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Friday, May 27, 2005

Poop from Progress

Factoids from the Center for American Progress from this week:

* A CBS poll reveals, "Six in 10 Americans don't think the President shares their priorities for the country."

* For the first time in 14 years, American workers saw an across the board pay cut that certainly didn't extend to our nation's multi-millionaire CEOs.

* "It doesn't take a medical degree to know that drinking poop is bad for us," writes Jeffrey Griffiths, a member of the EPA's National Drinking Water Advisory Council, in the Boston Globe. That hasn't stopped the Bush administration from proposing a new policy that "would allow sewage treatment plants to discharge inadequately treated human waste into lakes, rivers, streams, and coastal waters," which ends up in our tap water.

* A recently discovered memo for an upcoming Social Security event in New York shows just how far the White House will go to get the "right" mix of people in the audience. Circulated by the group Women Impacting Public Policy, the memo didn't just announce the president's visit but "went on to solicit several types of people 'who he would like to visit with' –including a young worker who 'knows that [Social Security] could run out before they retire,' a young couple with children who like 'the idea of leaving something behind to the family' and a single parent who believes Bush's proposal for individual investment accounts 'would provide more retirement options and security' than the current system." Wait a second; it seems that the people solicited each represent "various arguments that Bush has been making for why Social Security should be overhauled."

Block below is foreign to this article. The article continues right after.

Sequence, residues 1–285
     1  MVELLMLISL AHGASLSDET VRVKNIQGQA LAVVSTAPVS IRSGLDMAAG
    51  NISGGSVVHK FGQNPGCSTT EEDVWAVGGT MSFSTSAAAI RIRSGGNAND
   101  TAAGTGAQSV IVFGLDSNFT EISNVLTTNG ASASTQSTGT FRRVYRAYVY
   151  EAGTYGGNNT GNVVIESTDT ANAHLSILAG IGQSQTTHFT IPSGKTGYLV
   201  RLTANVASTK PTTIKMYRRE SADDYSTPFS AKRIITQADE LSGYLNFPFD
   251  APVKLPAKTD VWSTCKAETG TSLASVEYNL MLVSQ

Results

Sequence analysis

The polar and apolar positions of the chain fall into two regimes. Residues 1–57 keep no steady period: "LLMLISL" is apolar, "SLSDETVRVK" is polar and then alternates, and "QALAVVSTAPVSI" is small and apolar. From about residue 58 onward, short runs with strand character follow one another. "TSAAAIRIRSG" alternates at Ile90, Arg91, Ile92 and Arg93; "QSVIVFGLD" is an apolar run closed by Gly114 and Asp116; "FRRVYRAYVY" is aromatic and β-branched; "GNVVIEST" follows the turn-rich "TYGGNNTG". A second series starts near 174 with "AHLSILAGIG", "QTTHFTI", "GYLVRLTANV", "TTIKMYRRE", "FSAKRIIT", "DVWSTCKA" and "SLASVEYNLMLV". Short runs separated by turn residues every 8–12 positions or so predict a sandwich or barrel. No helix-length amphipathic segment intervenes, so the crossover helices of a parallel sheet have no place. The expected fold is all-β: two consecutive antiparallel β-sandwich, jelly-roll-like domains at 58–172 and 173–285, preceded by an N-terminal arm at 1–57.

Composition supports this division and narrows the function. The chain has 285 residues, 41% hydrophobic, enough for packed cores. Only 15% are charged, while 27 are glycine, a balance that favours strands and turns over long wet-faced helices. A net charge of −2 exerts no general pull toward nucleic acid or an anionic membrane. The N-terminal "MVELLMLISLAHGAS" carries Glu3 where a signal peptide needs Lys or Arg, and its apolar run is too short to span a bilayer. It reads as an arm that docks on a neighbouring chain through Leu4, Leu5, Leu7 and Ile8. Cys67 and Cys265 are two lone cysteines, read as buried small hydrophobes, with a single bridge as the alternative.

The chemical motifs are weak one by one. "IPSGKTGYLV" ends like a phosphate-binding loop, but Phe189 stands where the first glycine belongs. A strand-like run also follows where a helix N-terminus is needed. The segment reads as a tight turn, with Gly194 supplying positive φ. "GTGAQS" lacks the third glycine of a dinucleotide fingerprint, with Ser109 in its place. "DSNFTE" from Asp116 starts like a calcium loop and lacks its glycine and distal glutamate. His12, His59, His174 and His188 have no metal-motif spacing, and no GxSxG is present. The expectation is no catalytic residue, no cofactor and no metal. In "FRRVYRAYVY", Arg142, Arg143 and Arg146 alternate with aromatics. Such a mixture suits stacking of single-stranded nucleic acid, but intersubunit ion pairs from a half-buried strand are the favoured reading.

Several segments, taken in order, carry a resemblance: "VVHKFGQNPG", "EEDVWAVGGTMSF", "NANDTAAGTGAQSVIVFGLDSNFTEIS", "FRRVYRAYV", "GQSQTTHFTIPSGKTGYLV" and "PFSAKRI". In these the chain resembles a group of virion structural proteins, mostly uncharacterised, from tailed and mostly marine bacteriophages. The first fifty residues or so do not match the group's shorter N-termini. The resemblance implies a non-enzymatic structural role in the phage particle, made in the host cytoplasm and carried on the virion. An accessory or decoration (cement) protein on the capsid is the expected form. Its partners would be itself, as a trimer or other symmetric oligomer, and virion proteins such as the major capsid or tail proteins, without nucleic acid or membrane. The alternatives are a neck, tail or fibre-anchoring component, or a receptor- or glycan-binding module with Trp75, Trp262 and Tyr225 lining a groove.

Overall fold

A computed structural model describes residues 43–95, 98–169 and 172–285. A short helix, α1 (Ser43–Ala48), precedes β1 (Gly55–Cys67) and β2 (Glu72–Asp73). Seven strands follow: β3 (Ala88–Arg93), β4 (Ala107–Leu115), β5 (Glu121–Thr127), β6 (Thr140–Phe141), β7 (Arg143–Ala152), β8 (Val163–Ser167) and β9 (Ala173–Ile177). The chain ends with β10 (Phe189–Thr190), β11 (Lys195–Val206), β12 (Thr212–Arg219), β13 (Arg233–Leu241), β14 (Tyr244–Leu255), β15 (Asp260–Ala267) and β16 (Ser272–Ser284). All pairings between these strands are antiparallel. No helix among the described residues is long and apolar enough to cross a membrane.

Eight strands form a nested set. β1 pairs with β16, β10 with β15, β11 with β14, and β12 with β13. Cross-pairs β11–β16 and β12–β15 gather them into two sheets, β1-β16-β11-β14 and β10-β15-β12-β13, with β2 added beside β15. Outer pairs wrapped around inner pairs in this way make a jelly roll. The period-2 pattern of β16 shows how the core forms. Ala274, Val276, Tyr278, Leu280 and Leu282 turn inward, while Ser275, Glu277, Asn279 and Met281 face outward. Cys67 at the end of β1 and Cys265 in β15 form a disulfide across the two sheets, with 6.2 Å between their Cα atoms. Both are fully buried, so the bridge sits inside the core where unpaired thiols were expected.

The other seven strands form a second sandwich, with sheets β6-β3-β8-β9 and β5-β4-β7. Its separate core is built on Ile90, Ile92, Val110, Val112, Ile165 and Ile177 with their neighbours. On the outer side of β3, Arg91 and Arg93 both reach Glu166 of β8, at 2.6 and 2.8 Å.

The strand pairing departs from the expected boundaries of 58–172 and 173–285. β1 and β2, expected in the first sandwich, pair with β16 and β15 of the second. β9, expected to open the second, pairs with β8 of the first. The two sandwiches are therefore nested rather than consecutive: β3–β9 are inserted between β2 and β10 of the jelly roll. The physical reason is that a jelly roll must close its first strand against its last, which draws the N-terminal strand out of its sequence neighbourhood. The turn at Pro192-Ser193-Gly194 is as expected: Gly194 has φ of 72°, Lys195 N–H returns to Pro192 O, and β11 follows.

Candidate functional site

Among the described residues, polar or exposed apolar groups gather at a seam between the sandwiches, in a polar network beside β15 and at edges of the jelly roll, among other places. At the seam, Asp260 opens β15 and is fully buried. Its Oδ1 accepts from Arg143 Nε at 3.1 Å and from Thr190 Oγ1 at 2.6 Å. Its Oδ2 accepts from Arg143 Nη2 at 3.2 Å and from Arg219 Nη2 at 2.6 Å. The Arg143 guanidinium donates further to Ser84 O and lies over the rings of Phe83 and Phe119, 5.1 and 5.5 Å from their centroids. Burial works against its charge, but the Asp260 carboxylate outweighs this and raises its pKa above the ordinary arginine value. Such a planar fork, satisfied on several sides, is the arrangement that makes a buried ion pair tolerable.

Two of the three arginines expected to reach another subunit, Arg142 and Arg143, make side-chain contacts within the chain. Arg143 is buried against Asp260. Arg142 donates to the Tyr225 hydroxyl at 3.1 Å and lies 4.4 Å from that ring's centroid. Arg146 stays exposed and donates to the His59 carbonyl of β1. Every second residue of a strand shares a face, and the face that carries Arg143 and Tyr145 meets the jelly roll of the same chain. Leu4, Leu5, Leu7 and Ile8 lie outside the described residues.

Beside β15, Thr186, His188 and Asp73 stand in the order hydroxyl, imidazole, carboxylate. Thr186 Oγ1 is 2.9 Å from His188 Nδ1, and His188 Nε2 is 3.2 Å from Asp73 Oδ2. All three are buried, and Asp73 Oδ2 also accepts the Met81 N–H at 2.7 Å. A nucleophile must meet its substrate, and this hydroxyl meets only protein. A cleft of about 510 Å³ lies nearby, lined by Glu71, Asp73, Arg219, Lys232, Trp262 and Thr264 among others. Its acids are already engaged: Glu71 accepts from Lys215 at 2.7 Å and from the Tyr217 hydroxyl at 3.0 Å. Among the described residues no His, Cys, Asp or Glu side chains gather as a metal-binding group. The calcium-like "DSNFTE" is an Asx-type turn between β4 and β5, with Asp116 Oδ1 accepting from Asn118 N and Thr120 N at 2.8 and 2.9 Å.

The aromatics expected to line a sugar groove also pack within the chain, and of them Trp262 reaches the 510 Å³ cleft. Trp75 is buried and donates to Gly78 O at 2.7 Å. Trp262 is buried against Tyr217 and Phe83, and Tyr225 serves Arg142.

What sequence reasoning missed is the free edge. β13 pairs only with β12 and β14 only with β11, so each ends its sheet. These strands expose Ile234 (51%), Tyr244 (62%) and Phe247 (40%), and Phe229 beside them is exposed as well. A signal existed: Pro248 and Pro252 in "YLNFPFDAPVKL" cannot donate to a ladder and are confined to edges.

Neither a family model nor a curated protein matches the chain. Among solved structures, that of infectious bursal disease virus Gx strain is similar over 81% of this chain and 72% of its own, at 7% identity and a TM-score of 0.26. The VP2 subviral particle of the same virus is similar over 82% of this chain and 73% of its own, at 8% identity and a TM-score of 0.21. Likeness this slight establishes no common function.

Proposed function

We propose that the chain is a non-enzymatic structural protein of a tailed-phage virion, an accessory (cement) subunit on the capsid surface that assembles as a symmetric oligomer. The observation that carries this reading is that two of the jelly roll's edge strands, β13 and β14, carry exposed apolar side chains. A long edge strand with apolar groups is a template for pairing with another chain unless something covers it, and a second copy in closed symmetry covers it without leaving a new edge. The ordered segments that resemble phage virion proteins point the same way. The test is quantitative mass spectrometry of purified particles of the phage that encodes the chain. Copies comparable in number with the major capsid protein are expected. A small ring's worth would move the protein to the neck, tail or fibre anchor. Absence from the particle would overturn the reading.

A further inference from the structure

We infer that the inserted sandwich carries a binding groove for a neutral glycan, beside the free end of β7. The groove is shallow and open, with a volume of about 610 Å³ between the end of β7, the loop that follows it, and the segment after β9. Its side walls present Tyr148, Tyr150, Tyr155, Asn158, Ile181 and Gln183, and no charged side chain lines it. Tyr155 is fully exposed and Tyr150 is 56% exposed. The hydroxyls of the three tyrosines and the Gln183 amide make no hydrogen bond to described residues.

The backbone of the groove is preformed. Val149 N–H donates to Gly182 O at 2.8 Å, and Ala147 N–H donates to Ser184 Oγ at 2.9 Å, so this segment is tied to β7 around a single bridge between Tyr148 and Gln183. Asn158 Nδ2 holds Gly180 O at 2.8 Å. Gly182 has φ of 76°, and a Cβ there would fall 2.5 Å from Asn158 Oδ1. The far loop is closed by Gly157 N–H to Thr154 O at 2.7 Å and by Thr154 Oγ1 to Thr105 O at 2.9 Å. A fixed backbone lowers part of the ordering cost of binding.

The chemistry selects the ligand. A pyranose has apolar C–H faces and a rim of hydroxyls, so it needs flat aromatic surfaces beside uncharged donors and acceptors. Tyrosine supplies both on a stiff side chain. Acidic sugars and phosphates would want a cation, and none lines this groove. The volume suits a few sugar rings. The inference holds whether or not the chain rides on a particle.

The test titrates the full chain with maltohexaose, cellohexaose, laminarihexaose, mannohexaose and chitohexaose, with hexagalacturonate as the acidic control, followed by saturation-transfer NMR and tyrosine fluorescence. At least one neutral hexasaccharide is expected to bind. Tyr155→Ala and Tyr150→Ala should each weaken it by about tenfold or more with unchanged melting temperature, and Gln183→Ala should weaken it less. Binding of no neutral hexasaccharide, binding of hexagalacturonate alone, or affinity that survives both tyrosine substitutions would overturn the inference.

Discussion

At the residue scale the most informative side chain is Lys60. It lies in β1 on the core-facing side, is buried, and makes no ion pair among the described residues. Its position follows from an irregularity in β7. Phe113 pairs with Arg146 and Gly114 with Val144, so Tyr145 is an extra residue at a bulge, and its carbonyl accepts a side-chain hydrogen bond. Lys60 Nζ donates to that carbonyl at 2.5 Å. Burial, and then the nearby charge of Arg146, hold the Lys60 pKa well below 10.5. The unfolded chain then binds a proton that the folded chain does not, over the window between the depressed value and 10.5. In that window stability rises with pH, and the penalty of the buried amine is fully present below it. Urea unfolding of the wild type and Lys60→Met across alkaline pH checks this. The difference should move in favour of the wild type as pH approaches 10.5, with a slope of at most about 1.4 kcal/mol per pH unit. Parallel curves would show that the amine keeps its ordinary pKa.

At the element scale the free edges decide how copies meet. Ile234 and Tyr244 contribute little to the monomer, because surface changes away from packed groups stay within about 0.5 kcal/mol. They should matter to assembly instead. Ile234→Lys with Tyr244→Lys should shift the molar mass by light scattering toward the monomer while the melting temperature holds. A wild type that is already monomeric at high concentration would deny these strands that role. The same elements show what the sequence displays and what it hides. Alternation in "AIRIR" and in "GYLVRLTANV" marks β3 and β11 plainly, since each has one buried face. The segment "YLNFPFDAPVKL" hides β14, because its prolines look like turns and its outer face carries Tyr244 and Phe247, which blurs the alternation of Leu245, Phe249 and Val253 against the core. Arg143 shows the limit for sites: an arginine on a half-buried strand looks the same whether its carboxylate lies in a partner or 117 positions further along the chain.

* The file (on Abu Ghraib, from the NY Times) "depicts young, poorly trained soldiers in repeated incidents of abuse," often "driven by little more than boredom or cruelty, or both." Detainees are regularly shackled or tied from the ceilings by their wrists and beaten "with virtual impunity." Frequently, harsher methods are used – the report describes how one detainee is forced to "pick plastic bottle caps out of a drum mixed with excrement and water as part of a strategy to soften him up for questioning."

* The Wal-mart bill rejected by Governor Ehrlich recently “would have helped nearly 600,000 Maryland residents who lack health care.”

* The New York Times reports that the percentage of the unemployed out of work for six months or more has not been so high for so long after a recession has ended since World War II.

* Yesterday, the White House press corps was given the opportunity to attend a "question-and-answer session in the East Room with President Bush and Afghan President Hamid Karzai." However, so few reporters turned up that the overly image conscious White House was forced to pack the room with interns. Well, since the president takes such few questions, one member of the press corps "equated reporters at such staged White House functions with 'props'" and went on to point out, "Since we can't ask questions, why schlep over there?"

and one from a recent study by the Pew Research Center for the People and the Press:

Asked whether they would like to have Bush run for a third term if that was not prohibited by the Constitution, 27% said yes. By contrast, 43% said they would like Bill Clinton to serve a third term in the White House.